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If you are a relevant employer, you will need to determine if you are reporting as an individual entity or as part of a corporate structure. You can also use the coverage guidelines below to understand key terms.
Reporting as an individual entity
Your organisation is an individual entity if it has:
- no parent entity in Australia or overseas
- no subsidiaries in Australia.
If you are a relevant employer and do not have a parent entity or an Australian based subsidiary you are considered a an individual entity and required to submit the one report using a myGovID linked to your Australian Business Number (ABN).
Reporting on organisations in a corporate structure
Organisations that are part of a corporate structure can submit a combined report if they belong to the same ANZSIC (industry) division and where the roles and responsibilities of managers are similar. Organisations with less than 80 employees can be included in any other report from your group or submit their own report.
The Corporations Act 2001 provides that a body corporate (the first body) is a subsidiary of another body if, and only if:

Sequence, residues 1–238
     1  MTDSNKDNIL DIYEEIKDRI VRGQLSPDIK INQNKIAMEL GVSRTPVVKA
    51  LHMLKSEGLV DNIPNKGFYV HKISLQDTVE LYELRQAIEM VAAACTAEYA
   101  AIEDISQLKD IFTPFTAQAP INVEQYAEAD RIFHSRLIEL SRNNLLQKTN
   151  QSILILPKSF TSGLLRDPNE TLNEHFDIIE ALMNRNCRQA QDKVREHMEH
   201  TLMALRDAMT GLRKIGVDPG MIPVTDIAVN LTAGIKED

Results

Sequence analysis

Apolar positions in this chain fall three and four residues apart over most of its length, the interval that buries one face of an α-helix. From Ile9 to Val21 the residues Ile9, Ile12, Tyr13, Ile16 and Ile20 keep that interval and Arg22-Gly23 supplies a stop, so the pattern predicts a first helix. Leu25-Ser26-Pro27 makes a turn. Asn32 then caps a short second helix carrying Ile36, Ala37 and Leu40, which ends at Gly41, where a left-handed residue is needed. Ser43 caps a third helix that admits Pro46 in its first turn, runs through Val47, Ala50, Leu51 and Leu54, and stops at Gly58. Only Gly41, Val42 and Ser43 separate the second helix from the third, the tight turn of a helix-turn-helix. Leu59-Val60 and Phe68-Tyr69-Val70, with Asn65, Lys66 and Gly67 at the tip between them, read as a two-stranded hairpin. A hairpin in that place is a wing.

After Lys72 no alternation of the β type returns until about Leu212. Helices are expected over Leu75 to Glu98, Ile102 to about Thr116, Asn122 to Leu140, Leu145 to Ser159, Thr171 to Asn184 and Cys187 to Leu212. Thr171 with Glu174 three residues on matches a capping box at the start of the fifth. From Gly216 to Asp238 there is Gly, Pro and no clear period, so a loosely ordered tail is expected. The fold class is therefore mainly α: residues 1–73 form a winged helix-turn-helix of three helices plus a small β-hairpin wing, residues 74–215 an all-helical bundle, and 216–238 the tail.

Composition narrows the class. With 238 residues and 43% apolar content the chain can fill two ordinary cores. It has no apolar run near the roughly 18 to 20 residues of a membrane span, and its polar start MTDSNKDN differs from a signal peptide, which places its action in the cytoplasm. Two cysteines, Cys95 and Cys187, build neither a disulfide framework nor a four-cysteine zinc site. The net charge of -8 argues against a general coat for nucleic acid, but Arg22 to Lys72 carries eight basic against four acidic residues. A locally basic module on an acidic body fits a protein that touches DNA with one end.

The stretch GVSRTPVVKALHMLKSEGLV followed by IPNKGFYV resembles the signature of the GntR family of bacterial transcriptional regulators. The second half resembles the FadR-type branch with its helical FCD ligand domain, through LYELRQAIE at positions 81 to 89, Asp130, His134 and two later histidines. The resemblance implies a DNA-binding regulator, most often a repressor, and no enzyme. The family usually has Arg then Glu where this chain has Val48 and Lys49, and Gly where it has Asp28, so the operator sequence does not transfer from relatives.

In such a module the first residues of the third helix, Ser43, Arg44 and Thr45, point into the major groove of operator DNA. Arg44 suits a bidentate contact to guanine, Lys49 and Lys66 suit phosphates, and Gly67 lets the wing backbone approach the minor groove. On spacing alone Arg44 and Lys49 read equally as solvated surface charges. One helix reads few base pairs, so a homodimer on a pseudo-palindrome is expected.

a) the other body
- controls how its board is composed; or
- is in a position to cast, or control the casting of, more than half of the maximum number of votes that might be cast at a general meeting of the first body; or
- holds more than half of the first body’s issued share capital (excluding any part of that capital that carries no right to participate beyond a specified amount in a distribution of profits or capital); or
b) the first body is a subsidiary of a subsidiary of the other body.
You will need to decide if the organisations in your corporate structure qualify to submit a combined report or should report separately. Only report together if:
- each entity is in the same ANZSIC (industry) division (entities that employ less than 80 employees can be combined in a report regardless of their ANZSIC industry division)
- each entity’s managers have similar roles and responsibilities across each WGEA-defined manager category.